Last week I wrote about my wife’s approaching class reunion. When it comes to class reunions, I am the enthusiastic one, and she is the reluctant one.
The reunion is now history, and it was a fun event for her. It was an all-school reunion, and she especially enjoyed a good visit with one of her friends who graduated a year behind her.
I asked why she and the other girl were such good friends since they were not in the same class.
She said, “There were farm kids, and there were town kids. We were town kids and we hung out together.”
When she said farm kids and town kids, I knew exactly what she meant.
I had forgotten about that distinction from all those years ago.
My wife and I may have grown up 200-plus miles apart more than 50 years ago, but we grew up under the same circumstances.
The only difference was that I was a farm kid.
I envied the town kids. They had friends who were only a short distance away and could see them almost anytime.
I had cousins who lived in town and to visit them for a day was a treat.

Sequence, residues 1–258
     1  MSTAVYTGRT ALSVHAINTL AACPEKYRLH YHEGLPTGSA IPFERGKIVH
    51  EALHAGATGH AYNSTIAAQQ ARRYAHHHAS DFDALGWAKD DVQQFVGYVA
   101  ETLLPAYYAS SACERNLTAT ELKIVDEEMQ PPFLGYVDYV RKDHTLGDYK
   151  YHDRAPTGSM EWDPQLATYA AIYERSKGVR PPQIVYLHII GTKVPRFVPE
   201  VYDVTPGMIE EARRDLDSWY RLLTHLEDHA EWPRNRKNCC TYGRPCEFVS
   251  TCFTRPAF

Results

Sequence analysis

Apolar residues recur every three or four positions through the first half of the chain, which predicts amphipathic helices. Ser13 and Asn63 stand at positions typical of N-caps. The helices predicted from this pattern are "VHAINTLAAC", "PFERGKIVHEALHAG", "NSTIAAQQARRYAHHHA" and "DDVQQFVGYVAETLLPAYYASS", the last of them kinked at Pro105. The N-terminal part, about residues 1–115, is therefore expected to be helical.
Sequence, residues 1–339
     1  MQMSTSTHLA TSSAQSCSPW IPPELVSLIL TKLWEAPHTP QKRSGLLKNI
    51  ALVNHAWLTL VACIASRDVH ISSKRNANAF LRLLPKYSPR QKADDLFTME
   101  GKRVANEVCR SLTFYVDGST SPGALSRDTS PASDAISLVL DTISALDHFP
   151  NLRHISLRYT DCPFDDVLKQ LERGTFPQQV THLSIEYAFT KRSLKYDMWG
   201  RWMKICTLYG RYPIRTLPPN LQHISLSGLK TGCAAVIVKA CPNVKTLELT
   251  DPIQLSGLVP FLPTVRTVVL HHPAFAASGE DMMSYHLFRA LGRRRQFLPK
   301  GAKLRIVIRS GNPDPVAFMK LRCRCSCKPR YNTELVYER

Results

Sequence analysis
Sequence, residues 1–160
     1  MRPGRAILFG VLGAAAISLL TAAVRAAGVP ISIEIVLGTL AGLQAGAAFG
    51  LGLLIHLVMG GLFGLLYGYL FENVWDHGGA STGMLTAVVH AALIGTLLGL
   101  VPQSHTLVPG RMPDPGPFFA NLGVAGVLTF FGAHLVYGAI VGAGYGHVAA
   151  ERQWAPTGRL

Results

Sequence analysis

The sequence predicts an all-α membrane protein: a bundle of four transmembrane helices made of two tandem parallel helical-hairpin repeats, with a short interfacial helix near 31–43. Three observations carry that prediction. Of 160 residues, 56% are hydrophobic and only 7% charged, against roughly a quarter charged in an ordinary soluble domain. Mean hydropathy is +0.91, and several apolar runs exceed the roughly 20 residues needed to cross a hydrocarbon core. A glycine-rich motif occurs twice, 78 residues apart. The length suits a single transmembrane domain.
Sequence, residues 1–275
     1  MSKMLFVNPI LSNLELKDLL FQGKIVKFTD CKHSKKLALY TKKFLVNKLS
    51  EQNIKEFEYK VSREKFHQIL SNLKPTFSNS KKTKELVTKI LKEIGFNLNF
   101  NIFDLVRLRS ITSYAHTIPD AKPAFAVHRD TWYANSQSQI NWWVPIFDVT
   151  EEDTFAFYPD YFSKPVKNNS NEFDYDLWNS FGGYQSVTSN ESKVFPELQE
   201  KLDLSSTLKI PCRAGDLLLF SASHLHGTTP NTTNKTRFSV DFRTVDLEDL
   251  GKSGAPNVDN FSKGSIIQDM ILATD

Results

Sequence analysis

I knew everyone I saw and the best part was when we were able to bring our bicycles to town and glide along easily on hard surface roads all over town.
It was a 3-mile trip to town on a gravel road so we did not go often by bicycle.
When my cousins from town visited our farm, they enjoyed the animals, especially our pets as we always had a dog and several cats.
We could always play in the barn and there was lots of room to shoot off firecrackers on the Fourth of July, so I am sure they thought life on a farm was a great life.
Besides envying my cousins who lived in town, I also thought my classmates from large families had it good.
They always had stories to tell about older brothers and sisters.
All I had was two younger sisters.
One of my classmates, who was in the middle in a family of 10 children, not only had lots going on but told about “playing in the crick.”
I thought how could anyone be so lucky to have all that and a creek too?
I even asked my dad how we could get a creek, but he said it could not be done.
Years later, after graduation, I saw my classmate’s “crick” and it was not much more than a shallow drainage ditch a person could jump across.
I had imagined boats and inner tubes, but all this creek was good for was an easy place to water the cattle.
All these memories came flooding back to me just because my wife said there were farm kids and there were town kids.
She was connecting with friends from her past in a large conference room and I was connecting with those good friends from my past in my mind.
Both of us, each in our own way, were attending our class reunions fueled by memories from years and years ago.
Rye is a Farm News staff writer and farmer from Hanlontown. Reach him by e-mail at firstname.lastname@example.org.
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